LEDEEN: Just do for the Iranian people what we're doing for the people of the Ukraine: support democracy. Support transparency, free elections, and a national referendum to finally decide what kind of government the Iranian people want.

GIBSON: All right. Let's back up. Is there a danger that Iraq is going to emerge from this election as essentially an old Soviet-style satellite of Iran?

LEDEEN: No, I don't think there's really much danger of that because the Iranians have failed to get a foothold among the Iraqi Shiite community. The Iraqi Shiites basically have rejected the Iranians. They hate the Iranians.

GIBSON: Why?

LEDEEN: Because they've always hated the Iranians, since hundreds of years of history. And, I mean, there are sayings in Arabic that the Iraqis use over and over again which are extremely unflattering to the Iranians and which neither you nor I is going to repeat on this broadcast.

GIBSON: Not until we're on satellite radio, in any case. But, nonetheless, it seems like Iran seems to think that the Iraqi Shia south is their natural sphere of influence and they ought to be in there and they ought to have their fingers in that pie and that the Iraqi Shias ought to dance like puppets to the Iranians.

You don't think that is going to happen. Why not?

LEDEEN: No, it's what the Iranians want, it's what they wanted and it's what they expected they would get. But they didn't get it. Instead what they found was real opposition from the Iraqi Shiites and the leaders of Iraqi Shias and people like Ayatollah Sistani have been quite explicit about not wanting an Islamic republic.

GIBSON: Do Sistani and the Iraqi Shias have to worry about just being overwhelmed by the Iranians? They don't have much in the way of defense with the border with Iran. They're relying on the Americans.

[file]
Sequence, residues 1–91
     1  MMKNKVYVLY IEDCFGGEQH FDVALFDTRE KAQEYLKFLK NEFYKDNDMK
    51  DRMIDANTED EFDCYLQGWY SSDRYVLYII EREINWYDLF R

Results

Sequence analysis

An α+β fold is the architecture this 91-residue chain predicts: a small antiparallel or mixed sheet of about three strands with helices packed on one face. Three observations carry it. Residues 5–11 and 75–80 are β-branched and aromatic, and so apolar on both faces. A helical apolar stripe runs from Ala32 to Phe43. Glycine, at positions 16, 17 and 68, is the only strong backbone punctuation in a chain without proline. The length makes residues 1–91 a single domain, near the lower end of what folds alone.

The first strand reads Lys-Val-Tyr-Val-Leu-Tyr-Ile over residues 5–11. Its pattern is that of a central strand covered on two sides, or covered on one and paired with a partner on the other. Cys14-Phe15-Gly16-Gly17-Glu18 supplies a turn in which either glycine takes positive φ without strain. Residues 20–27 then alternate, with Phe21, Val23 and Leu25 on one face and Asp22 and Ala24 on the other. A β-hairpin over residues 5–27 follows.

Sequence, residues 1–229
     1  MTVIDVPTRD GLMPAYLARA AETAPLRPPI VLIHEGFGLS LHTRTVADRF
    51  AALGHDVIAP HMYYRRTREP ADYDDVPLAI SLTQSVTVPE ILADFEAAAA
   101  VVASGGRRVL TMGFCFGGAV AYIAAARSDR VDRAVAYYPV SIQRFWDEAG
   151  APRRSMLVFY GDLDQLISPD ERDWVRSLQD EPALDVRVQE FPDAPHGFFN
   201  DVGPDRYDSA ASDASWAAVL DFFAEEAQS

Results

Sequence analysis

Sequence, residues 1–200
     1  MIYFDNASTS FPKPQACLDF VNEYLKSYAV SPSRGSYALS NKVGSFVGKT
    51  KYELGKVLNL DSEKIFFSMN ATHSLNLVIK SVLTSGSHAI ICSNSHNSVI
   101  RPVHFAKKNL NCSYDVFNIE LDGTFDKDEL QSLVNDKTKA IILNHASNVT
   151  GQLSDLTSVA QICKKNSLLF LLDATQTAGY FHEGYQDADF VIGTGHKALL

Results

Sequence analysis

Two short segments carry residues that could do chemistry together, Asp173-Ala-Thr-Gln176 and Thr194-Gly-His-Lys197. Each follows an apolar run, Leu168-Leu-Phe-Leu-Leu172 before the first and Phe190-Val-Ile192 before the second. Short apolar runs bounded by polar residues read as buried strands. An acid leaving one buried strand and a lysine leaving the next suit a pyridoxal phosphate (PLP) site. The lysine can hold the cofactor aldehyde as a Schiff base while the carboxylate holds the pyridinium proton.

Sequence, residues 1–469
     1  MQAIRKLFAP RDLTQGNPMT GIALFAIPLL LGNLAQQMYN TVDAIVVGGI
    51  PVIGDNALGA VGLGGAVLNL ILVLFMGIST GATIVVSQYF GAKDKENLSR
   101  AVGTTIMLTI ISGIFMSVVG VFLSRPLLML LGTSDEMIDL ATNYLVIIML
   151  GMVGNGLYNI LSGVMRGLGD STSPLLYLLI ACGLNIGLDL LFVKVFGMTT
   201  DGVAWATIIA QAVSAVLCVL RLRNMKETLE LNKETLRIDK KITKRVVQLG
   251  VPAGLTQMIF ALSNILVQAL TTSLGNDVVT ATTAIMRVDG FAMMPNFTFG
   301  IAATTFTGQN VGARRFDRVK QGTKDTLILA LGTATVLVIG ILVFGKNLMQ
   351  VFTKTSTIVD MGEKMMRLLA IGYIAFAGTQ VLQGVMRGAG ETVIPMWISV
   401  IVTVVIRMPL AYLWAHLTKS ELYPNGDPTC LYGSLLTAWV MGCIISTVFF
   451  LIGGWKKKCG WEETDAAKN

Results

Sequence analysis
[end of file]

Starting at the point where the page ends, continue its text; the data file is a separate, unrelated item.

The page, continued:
LEDEEN: Yes, they have to worry about being killed, and they're very worried about being killed.

GIBSON: So how do you see this playing out? If the Iranians aren't going to give up and the Iraqis are resisting if it's the Iran-Iraq war over again, who fights it?

Is it Americans fighting on behalf of the Iraqis?

LEDEEN: Well, what we're trying to do is to get the Iraqis in a position where they can defend themselves and that's what [Iraq's] defense minister has been talking about for many months.

Every time anybody has asked him about it — he was in Washington a few months ago and someone said, "Well, what's your biggest problem," and he virtually spat out the word Iran.

He wants defense forces that are capable of defending their borders with Iran and he wants people who are capable of going after the thousands of Iranian revolutionary guards agents that are all over his country right now.

GIBSON: You would think the Iraqis would know who the Iranians were among them. Do they? Can they root them out?

LEDEEN: Sometimes they do, but there is significant chunk of the Iraqi population — more than two million — who went into Iran during the Iran-Iraq war. And those people ethnically are Iraqis, look like Iraqis, lived in Iraq for a long time.

They went into Iran and they became Iranians and the Iranians are now using them as agents back inside Iraq. Those people are very hard to identify.

GIBSON: All right, Michael Ledeen from the American Enterprise Institute. Michael, thanks very much. Appreciate it.